16. Special Needs of Women(Cook, Heppner, & O’Brien) Dealing with attending to the needs of others Learning to negotiate in the workplace Accessing quality child care Handling sexual harassment in the workplace Accessing mentors

  17. Special Needs of Men Understanding how socialization has influenced their career behaviors Learning to express feelings Learning how to manage and reduce stress Identifying strategies to participate more fully in life roles other than work

  18. Six-Stage Model of Identity Development for Gay Men and Lesbian Women (Cass, 1979) Confusion Comparison Tolerance Acceptance Pride Synthesis

  19. Four-Stage Model of Lesbian Identity Development (Sophie) Stage 1: Awareness of same sex feelings without disclosing these to others Stage 2: Testing and exploration of emerging lesbian identity with limited disclosure to heterosexual persons Stage 3: Identity acceptance and preference for gay social interactions Stage 4: Identify integration with movement from a dichotomous (gay/straight) worldview to integrated

  20. Career Counselor Recommendations for Working with Sexual Minorities Understand discrimination can be formal or informal Help clients achieve realistic and accurate perceptions regarding discrimination Explore various options for coping with workplace discrimination Remain sensitive to the client’s pace of identity development and cultural context.

  21. Definition of Persons with Disabilities One who is usually considered to be different from a normal person -- physically, physiologically, neurologically, or psychologically -- because of accident, disease, birth defect, or developmental problem (Herr & Cramer, 1996)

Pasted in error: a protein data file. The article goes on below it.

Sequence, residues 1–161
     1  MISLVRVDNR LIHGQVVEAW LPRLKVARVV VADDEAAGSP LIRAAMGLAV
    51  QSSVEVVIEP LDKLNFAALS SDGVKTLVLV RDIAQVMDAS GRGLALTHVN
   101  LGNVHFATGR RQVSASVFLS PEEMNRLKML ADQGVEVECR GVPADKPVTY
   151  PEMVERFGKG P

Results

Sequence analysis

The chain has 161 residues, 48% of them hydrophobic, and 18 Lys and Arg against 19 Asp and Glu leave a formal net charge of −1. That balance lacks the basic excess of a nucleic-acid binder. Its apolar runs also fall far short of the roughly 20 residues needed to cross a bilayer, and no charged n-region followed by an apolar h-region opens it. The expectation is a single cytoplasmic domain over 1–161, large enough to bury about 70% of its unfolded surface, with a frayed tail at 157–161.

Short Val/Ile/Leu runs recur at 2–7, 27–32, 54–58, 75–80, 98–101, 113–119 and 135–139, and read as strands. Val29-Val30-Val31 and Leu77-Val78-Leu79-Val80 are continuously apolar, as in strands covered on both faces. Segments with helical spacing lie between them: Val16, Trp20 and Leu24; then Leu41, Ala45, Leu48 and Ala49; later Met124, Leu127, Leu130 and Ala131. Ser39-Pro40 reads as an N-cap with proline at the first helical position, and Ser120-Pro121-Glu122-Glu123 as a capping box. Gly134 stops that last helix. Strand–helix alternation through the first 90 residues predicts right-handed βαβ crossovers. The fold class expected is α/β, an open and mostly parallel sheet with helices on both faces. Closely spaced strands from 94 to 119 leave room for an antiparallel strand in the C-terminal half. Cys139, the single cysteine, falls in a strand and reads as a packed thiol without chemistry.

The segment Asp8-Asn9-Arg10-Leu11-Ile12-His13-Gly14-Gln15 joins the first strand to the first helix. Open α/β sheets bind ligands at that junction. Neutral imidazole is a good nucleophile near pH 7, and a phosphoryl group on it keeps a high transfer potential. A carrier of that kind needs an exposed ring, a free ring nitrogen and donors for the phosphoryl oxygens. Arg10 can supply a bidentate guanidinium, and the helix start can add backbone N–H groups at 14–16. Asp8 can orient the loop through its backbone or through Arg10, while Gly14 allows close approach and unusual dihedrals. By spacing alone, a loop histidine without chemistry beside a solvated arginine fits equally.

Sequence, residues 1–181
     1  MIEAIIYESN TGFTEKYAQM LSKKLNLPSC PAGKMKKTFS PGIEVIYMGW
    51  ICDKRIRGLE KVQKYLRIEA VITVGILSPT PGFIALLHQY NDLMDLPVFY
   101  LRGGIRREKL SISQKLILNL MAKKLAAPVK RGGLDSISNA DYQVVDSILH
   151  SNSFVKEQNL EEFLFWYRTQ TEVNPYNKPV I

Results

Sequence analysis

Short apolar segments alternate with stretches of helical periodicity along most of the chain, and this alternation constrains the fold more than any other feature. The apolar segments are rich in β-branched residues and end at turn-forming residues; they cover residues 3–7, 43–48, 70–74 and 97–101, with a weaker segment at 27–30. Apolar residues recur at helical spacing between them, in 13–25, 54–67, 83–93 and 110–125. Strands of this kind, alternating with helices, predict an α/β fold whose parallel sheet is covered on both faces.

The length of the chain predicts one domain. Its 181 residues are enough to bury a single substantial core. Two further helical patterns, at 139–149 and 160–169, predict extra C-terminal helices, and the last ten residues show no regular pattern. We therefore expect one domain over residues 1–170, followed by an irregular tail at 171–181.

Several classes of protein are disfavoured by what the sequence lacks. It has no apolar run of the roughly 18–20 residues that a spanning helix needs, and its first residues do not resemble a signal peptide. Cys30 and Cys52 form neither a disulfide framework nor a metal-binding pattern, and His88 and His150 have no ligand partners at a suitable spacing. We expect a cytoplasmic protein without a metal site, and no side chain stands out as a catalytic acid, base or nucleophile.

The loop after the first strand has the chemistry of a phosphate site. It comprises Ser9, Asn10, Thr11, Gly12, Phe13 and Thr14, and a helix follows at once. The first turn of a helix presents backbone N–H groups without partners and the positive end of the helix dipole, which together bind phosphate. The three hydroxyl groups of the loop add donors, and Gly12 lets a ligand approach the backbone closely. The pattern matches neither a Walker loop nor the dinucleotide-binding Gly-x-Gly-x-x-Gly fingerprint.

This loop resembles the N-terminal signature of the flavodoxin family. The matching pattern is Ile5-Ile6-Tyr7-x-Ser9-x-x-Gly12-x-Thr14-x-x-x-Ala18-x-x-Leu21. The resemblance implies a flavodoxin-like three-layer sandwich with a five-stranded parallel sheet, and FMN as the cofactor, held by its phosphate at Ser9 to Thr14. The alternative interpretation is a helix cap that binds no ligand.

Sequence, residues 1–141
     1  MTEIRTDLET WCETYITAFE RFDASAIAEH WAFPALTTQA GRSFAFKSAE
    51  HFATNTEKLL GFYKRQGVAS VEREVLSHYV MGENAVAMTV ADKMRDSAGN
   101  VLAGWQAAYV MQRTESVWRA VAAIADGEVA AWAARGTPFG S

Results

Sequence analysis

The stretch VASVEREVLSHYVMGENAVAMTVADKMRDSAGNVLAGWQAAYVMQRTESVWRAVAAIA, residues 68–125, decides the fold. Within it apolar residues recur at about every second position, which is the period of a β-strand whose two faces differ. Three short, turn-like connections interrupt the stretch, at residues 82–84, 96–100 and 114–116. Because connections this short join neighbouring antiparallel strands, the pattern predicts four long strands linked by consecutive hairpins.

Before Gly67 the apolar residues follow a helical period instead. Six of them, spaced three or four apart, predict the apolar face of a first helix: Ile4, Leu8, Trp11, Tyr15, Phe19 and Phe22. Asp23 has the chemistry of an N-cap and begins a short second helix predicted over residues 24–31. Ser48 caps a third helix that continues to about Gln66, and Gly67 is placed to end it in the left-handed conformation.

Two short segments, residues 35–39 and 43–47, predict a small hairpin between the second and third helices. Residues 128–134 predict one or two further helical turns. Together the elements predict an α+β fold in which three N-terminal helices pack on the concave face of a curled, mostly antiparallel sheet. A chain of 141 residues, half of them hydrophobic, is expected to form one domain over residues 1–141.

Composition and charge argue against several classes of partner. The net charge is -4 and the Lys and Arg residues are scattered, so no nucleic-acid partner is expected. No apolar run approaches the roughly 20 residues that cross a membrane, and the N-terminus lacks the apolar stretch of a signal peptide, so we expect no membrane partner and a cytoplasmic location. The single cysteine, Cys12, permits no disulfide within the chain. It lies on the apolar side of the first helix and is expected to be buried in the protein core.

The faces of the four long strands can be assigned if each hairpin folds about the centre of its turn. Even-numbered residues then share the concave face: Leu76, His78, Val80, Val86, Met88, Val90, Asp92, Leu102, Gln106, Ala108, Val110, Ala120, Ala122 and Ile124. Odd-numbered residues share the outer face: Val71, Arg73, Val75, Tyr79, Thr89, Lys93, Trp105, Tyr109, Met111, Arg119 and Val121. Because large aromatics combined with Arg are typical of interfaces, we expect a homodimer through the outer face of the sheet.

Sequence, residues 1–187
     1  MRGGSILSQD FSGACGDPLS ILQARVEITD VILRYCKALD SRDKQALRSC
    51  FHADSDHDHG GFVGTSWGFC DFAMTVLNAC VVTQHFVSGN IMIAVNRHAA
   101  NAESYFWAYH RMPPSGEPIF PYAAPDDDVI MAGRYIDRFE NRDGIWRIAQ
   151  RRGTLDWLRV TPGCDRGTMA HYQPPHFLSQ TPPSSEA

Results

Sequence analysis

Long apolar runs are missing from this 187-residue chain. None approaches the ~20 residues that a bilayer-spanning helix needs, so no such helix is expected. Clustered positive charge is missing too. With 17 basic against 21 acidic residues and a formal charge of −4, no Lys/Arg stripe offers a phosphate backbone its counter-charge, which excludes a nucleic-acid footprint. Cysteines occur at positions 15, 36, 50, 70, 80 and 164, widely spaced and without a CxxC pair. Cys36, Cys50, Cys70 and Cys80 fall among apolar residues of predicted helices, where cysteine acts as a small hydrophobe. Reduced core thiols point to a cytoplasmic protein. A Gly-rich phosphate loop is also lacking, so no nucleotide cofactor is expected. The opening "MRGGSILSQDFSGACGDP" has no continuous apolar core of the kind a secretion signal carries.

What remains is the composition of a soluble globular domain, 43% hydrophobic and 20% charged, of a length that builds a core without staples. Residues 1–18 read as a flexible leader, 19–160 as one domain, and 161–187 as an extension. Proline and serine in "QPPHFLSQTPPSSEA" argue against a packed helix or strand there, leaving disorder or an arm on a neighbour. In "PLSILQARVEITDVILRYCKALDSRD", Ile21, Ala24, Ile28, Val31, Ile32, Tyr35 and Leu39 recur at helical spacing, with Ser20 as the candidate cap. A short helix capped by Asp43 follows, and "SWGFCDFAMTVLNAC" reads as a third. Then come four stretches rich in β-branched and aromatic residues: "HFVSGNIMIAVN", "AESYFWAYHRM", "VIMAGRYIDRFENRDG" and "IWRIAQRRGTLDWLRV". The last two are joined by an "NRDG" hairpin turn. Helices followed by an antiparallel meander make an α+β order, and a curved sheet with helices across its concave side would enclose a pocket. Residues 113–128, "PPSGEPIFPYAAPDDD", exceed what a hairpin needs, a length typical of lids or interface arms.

22. Another Definition A person who has physical or mental impairment that substantially limits one or more major life activities, or has a record of such impairment, or is regarded as having such an impairment (Americans with Disabilities Act, 1990)

  23. Americans with Disabilities Act Employers can only consider essential job functions when hiring or promoting. Employers must make reasonable accommodations in the workplace.

  24. Career Development Issues of Persons with Disabilities(Zunker, 1998) Adjusting to disability Confronting attitudinal barriers Lack of role models Developing social/interpersonal skills Developing a positive self-concept Developing skills for independent living

  25. Competencies for Working with Persons with Disabilities Interpret and advise about legislation, policy, guidelines, and rights Use diagnostic and informal assessment Assess functional limitations and adapt methods of occupational exploration Apply theory to assist with analysis of self-concept or developmental tasks deficits

  26. Competencies for Working with Persons with Disabilitiescontinued Engage in effective individual and group counseling Team with other specialists for career planning and placement Work with employers to develop or restructure jobs Plan and implement skill-building workshops or experiences

  27. Components of Culturally Sensitive Career Interventions (Herr & Kramer) Possession of knowledge and skills appropriate in any helping relationship Recognition of personal attitudes and values Knowledge of cultural context from which clients come Ability to identify special needs

  28. Components of Culturally Sensitive Career Interventions continued Ability to assist culturally different clients understand that they do have choices, some of which include consequences. Skill to assist culturally different individuals to deal effectively with discrimination when it does occur Skill to discern between client deficits that result from socioeconomic class and those from membership in a racial or ethnic group

  29. Using Assessments Must assure that assessment is valid, reliable, and appropriate for the client’s cultural and linguistic context. Must assure that the test does not have cultural bias. Counselors are encouraged to attend to cultural identity, cultural conception of career problems, cultural context, cultural dynamics in the therapeutic relationship and overall cultural assessment (Leong, Hardin, and Gupta, 2007)